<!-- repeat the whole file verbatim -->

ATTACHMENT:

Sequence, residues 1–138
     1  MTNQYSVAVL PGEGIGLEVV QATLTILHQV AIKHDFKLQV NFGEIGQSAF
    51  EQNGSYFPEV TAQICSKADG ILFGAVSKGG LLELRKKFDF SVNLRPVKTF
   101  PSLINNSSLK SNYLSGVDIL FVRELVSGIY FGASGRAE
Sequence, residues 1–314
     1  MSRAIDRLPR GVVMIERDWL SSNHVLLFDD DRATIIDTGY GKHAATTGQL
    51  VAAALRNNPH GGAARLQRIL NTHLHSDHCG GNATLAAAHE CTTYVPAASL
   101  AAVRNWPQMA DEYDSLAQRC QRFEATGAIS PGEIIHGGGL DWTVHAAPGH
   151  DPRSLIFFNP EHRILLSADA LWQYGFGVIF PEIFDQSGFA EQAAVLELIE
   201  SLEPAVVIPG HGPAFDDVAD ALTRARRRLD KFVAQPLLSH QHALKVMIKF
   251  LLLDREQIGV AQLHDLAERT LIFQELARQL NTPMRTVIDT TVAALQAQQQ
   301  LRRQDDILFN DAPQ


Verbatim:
Sequence, residues 1–138
     1  MTNQYSVAVL PGEGIGLEVV QATLTILHQV AIKHDFKLQV NFGEIGQSAF
    51  EQNGSYFPEV TAQICSKADG ILFGAVSKGG LLELRKKFDF SVNLRPVKTF
   101  PSLINNSSLK SNYLSGVDIL FVRELVSGIY FGASGRAE
Sequence, residues 1–314
     1  MSRAIDRLPR GVVMIERDWL SSNHVLLFDD DRATIIDTGY GKHAATTGQL
    51  VAAALRNNPH GGAARLQRIL NTHLHSDHCG GNATLAAAHE CTTYVPAASL
   101  AAVRNWPQMA DEYDSLAQRC QRFEATGAIS PGEIIHGGGL DWTVHAAPGH
   151  DPRSLIFFNP EHRILLSADA LWQYGFGVIF PEIFDQSGFA EQAAVLELIE
   201  SLEPAVVIPG HGPAFDDVAD ALTRARRRLD KFVAQPLLSH QHALKVMIKF
   251  LLLDREQIGV AQLHDLAERT LIFQELARQL NTPMRTVIDT TVAALQAQQQ
   301  LRRQDDILFN DAPQ